In this photo taken on Monday, Nov. 18, 2019, a Ukrainian soldier in a trench in the front line near the town of Avdiivka in the Donetsk region, Ukraine.

In this photo taken on Monday, Nov. 18, 2019, a Ukrainian soldier in a trench in the front line near the town of Avdiivka in the Donetsk region, Ukraine. AP / Vitali Komar

America Hasn’t Always Supported Ukraine Like This

For a policy that’s purportedly a pillar of the decades-old international order, military aid to Ukraine is pretty new.

When Adam Schiff asked Bill Taylor, the first witness in the House’s public impeachment hearings, to explain to Americans why U.S. security assistance to Ukraine matters for their own security, America’s top diplomat in Kyiv went big. Really big.

“It affects the world that we live in, that our children will grow up in and our grandchildren,” Taylor declared. “Ukraine is on the front line” of a struggle to prevent Russia from trampling on the post–World War II order, which “actually kept the peace in Europe for nearly 70 years.”

We’ve heard this sentiment repeatedly during the inquiry, but is it true? The problem with the argument is that it is a simplistic portrayal of the support that the United States provides Ukraine, fueled in part by the logic of the impeachment inquiry: Democrats must prove that the president’s actions were so harmful to the republic that they warrant the extreme constitutional recourse of removing him from office. That encourages them to play up the connection between Donald Trump’s pressure tactics on Ukraine and the fallout for the nation’s security.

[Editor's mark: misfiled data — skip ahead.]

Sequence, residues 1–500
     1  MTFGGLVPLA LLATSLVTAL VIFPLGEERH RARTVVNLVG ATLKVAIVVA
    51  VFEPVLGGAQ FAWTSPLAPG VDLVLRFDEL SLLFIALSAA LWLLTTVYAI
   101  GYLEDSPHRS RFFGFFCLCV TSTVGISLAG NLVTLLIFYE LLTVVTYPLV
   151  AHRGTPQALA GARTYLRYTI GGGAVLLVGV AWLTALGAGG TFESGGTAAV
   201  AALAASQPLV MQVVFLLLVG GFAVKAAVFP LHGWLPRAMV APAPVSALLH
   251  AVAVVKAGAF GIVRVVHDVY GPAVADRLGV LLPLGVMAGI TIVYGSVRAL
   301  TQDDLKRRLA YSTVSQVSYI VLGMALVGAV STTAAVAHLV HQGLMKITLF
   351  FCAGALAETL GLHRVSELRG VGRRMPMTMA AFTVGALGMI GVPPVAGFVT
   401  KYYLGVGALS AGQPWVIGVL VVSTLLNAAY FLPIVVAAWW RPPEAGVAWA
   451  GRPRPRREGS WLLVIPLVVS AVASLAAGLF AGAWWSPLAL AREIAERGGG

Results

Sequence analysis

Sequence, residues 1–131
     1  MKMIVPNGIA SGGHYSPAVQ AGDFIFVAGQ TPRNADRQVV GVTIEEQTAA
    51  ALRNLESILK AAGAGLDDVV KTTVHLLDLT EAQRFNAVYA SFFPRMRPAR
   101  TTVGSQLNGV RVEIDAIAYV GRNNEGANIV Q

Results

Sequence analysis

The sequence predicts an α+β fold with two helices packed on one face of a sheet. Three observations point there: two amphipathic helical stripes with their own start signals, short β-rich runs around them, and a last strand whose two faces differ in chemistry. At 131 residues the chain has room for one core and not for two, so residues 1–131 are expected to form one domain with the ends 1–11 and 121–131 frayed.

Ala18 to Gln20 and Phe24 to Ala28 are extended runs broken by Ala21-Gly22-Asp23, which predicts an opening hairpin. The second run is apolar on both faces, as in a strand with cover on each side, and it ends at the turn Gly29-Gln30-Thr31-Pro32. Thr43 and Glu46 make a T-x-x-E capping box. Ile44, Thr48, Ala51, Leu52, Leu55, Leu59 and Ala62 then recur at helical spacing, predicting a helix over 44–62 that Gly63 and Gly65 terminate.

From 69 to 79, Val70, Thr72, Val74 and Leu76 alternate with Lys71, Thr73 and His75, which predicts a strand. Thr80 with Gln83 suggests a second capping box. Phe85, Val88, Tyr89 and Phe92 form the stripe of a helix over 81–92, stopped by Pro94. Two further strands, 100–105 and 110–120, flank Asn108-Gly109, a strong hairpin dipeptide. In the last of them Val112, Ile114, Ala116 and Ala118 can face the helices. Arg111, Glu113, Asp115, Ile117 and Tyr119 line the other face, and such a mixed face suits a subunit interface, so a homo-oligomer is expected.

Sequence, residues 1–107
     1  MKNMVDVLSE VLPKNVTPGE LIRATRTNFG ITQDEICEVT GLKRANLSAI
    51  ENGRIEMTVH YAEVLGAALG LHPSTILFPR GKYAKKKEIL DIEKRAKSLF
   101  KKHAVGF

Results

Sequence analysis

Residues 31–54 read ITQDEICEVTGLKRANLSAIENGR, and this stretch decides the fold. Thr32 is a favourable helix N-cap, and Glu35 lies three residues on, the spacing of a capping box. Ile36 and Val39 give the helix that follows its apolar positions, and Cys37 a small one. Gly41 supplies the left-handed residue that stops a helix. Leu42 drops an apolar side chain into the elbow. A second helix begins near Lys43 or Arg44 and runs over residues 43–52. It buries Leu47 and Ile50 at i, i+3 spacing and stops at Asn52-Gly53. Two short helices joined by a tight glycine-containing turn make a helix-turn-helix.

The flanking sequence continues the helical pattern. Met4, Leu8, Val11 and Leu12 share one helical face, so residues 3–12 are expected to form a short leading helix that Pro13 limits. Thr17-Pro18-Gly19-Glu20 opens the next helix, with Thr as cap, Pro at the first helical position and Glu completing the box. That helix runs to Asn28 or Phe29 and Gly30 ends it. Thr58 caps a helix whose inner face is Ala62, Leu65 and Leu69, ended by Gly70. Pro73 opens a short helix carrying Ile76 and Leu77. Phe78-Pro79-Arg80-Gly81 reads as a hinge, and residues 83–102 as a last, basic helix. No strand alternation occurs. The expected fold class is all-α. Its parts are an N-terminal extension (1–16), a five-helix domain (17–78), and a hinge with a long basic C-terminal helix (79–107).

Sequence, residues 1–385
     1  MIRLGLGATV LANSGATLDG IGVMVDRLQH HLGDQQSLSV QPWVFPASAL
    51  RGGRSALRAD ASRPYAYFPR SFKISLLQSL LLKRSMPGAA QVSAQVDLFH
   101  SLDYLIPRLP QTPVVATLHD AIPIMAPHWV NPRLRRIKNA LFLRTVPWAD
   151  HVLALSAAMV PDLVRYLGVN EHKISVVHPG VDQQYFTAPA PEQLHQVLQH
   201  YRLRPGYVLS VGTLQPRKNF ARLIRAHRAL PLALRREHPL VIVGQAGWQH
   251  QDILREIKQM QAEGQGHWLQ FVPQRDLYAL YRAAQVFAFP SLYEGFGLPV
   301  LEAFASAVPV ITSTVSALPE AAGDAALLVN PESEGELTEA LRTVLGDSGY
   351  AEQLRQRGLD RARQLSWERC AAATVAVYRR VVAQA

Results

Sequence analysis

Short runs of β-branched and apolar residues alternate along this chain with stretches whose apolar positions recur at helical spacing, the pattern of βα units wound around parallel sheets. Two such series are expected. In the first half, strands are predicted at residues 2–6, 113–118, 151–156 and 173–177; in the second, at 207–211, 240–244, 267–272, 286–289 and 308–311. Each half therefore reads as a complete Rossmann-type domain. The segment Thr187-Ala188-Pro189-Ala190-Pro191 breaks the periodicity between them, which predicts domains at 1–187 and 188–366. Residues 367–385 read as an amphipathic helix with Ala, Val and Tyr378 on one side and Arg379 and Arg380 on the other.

By suspending $400 million in U.S. military aid to pressure the Ukrainian government into announcing investigations into the Bidens and the 2016 U.S. election, they contend, the president pursued his own political interests at the expense not just of Ukraine’s interests but also those of the United States.

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But for a policy that’s purportedly a pillar of the decades-old international order, military aid to Ukraine is pretty new. The U.S. government has provided more than $1.6 billion in security assistance to Ukraine since 2014, when Russia intervened militarily in eastern Ukraine and illegally annexed the Ukrainian territory of Crimea following an uprising that overthrew the country’s pro-Moscow president.

Barack Obama suggested that defending Ukraine against Russia wasn’t a core U.S. national-security concern—and that even if the United States did have interests in Ukraine, Russia had more, meaning that Moscow would always be willing to do more than Washington to keep Ukraine within its sphere of influence. As Obama told The Atlantic’s editor in chief, Jeffrey Goldberg, at the end of his presidency, “The fact is that Ukraine, which is a non-NATO country, is going to be vulnerable to military domination by Russia no matter what we do.”